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[New Latin Allosaurus, genus name; see allosaurus.]
American Heritage® Dictionary of the English Language, Fifth Edition. Copyright © 2016 by Houghton Mifflin Harcourt Publishing Company. Published by Houghton Mifflin Harcourt Publishing Company. All rights reserved.


(ˈæləˌsɔː) or


(Palaeontology) any large carnivorous bipedal dinosaur of the genus Antrodemus (formerly Allosaurus), common in North America in late Jurassic times: suborder Theropoda (theropods)
[C19: from allo- + -saur]
Collins English Dictionary – Complete and Unabridged, 12th Edition 2014 © HarperCollins Publishers 1991, 1994, 1998, 2000, 2003, 2006, 2007, 2009, 2011, 2014


(ˈæl əˌsɔr)

any carnivorous theropod dinosaur of the genus Antrodemus (formerly Allosaurus), from the late Jurassic Period of North America.
[< New Latin Allosaurus (1877). See allo-, -saur]
Random House Kernerman Webster's College Dictionary, © 2010 K Dictionaries Ltd. Copyright 2005, 1997, 1991 by Random House, Inc. All rights reserved.
ThesaurusAntonymsRelated WordsSynonymsLegend:
Noun1.allosaur - late Jurassic carnivorous dinosaurallosaur - late Jurassic carnivorous dinosaur; similar to but somewhat smaller than tyrannosaurus
bird-footed dinosaur, theropod, theropod dinosaur - any of numerous carnivorous dinosaurs of the Triassic to Cretaceous with short forelimbs that walked or ran on strong hind legs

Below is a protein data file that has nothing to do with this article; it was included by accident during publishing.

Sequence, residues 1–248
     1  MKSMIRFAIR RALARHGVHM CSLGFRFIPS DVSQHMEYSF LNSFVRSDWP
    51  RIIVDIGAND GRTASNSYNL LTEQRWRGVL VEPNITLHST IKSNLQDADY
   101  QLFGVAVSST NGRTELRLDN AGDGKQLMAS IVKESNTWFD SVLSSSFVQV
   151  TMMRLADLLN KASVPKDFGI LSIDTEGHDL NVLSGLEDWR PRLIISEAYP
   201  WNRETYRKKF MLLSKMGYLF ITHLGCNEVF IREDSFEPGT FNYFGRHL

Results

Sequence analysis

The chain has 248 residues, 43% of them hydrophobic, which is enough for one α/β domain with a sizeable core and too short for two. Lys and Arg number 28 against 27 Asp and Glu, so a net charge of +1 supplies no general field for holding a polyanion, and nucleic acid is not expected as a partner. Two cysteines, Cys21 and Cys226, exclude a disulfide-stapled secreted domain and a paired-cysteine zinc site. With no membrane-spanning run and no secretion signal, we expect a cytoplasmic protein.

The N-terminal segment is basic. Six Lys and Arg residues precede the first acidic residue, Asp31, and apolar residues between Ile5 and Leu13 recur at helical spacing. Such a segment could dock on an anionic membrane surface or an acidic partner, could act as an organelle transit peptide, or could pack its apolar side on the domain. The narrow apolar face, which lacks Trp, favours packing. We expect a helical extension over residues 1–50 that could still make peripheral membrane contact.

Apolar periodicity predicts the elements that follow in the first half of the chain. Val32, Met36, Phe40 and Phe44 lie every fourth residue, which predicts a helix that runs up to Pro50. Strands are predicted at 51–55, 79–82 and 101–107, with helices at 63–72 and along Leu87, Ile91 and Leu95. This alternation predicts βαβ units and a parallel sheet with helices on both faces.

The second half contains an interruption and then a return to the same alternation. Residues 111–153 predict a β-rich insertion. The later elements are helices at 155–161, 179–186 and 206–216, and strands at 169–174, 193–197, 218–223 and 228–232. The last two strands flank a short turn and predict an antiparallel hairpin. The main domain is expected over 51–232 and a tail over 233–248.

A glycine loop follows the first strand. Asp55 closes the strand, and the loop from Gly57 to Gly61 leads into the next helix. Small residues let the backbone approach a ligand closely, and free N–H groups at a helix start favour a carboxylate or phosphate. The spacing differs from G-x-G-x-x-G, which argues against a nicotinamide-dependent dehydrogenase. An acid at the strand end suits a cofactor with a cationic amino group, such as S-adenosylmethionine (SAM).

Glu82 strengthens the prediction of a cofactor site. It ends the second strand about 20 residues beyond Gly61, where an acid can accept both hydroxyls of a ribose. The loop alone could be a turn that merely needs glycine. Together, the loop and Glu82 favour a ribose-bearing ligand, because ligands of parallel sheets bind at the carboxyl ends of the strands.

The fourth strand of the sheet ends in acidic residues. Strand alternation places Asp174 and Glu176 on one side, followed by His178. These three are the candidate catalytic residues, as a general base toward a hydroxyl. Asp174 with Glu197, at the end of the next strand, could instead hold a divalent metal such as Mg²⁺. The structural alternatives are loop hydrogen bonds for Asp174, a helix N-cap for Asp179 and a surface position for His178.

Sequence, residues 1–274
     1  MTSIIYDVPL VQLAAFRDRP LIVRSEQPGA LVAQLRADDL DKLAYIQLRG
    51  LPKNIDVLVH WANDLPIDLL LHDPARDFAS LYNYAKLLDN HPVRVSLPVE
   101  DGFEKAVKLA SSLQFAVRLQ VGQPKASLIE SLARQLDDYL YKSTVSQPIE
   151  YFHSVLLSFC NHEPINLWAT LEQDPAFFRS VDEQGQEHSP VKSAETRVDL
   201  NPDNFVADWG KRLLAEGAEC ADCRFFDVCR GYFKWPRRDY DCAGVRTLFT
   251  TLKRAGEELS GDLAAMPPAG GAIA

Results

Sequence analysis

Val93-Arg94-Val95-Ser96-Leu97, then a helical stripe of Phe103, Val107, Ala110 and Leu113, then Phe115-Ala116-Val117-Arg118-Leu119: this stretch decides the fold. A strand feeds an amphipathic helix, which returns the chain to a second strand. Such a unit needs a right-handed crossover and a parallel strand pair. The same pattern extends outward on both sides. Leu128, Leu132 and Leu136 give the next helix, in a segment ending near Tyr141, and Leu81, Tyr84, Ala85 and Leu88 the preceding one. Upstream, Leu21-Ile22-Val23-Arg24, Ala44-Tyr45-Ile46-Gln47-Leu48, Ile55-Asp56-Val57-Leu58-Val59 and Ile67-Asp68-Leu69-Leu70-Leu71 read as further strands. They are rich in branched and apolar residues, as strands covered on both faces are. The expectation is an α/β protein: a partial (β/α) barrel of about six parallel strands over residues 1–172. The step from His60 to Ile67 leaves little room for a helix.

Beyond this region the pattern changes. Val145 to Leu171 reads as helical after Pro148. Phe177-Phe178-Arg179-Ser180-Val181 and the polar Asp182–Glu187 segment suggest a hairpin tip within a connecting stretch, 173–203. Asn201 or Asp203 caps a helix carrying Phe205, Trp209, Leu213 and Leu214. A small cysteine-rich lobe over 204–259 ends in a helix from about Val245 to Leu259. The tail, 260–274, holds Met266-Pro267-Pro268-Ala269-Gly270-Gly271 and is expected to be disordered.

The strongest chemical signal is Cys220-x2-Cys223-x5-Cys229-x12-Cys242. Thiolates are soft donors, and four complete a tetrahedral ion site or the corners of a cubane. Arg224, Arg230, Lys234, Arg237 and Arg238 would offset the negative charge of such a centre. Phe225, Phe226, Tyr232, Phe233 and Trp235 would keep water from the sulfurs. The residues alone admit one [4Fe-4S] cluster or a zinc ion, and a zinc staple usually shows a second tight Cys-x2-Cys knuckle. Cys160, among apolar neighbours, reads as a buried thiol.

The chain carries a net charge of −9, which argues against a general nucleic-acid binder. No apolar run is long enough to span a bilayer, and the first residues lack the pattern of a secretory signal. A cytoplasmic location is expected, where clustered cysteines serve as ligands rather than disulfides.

genus Allosaurus, genus Antrodemus - carnivorous dinosaur of North America; late Jurassic
Based on WordNet 3.0, Farlex clipart collection. © 2003-2012 Princeton University, Farlex Inc.
References in periodicals archive ?
The finds include saurapods, some of the largest land animals to have lived, and meateating allosaurs as well as ichthysaurs, dolphinlike creatures with eyes as big as dinner plates, and thousands of mollusk fossils known as Devil's Toenails.
When it lived 97 million years ago it was not at the top of the food chain as giant allosaurs were the apex predators.
Coelurosaurians include a group of theropod dinosaurs more closely related to birds than to other dinosaurs, including the allosaurs.
There was a time when 50,000-pound Barosaurs and predatory Allosaurs walked the region we now call Utah.
Cleveland Lloyd Quarry has yielded up a dinosaur egg, more than 15,000 dinosaur bones, and 44 Allosaurs. This site has produced more carnivore fossils than any other site in the world.